Man does not live by bread alone.
This saying about our need for values beyond the merely practical seems to be reversed these days, when it comes to gardening. The biggest trend for 2011 is the return to edible gardening, or purposeful gardening. However much we may love our flowers, trees and shrubs—feasts for the eyes—many new, younger gardeners are jumping headlong into gardening simply to grow their own vegetables and herbs—the desire to create actual feasts, closer to home the better. Your own vegetable plot a few steps away from your own kitchen provides the ultimate in local eating. A whole new generation is excited about the incredible taste of home grown tomatoes, warm from the vine, or snapping a fresh bean right off the plant.
This trend towards gardening for food, is made easier by the growing popularity of container gardening, making it easy to jump on the food-growing bandwagon, whether you have a large suburban property, or an apartment balcony in the city.
With some of the huge, attractive new containers available now we can get the instant gratification that we all long for from time to time. Want a vegetable garden? With a few large containers and packaged organic soil, you can plant an edible garden right away in spring, without having to dig up soil or remove a lawn. You don’t even need garden tools. (Warning, planting this way can be addictive, and tool-buying is almost guaranteed in your future.)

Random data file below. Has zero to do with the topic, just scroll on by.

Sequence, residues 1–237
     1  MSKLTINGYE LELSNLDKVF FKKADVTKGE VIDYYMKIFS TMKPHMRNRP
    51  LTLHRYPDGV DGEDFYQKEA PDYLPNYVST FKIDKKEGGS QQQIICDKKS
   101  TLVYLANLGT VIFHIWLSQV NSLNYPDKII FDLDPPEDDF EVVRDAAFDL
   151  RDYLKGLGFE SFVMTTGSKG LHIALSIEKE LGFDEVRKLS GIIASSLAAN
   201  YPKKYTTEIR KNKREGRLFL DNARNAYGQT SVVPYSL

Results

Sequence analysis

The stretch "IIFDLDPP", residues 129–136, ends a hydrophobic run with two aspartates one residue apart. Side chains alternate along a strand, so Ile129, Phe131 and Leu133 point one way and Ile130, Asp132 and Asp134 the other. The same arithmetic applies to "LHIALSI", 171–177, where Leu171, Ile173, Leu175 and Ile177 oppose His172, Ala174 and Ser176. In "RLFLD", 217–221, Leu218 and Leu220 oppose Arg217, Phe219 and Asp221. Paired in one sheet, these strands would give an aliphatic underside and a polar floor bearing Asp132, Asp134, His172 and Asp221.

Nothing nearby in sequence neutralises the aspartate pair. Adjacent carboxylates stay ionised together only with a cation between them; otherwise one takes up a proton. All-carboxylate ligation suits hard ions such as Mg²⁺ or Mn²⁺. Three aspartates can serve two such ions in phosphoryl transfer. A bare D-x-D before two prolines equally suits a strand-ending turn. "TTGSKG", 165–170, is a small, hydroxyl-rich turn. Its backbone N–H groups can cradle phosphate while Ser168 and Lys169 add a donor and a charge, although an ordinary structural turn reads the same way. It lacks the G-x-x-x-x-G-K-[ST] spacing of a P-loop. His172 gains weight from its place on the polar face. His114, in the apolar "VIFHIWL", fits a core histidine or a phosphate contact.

There’s also a new appreciation for the ornamental qualities of edible plants. Ornamental and edible plants are being planted together instead of vegetables being segregated to one side of the garden. I took particular joy this year in growing miniature eggplants. The purple flowers are quite exquisite and the fruits are like long purple jewels, dark and shiny amongst the serrated leaves of the eggplant foliage. They looked fantastic next to a purple oxalis, and herb geranium I had growing in the same container.
Everything old is new again. Most of the gardeners that I spoke to this season were growing some heirloom varieties in their vegetable gardens, some grew entirely heirlooms. Their ornamental qualities are extremely varied. Some beautiful, some ugly, particularly when it comes to tomatoes—from the beautiful, elegant yellow pear tomato, to a tangled jumble of a Black Krim. It’s inevitable that gardens will be a mixture of the practical and the beautiful, when we appreciate the beauty and variety of edible plants. But for now, the practical seems to be the driving force, we want to participate in growing our daily bean. Luckily, because of the innate beauty of many of the edible plants we grow, when it comes to edible and visual feasts, we can have our cake and eat it too.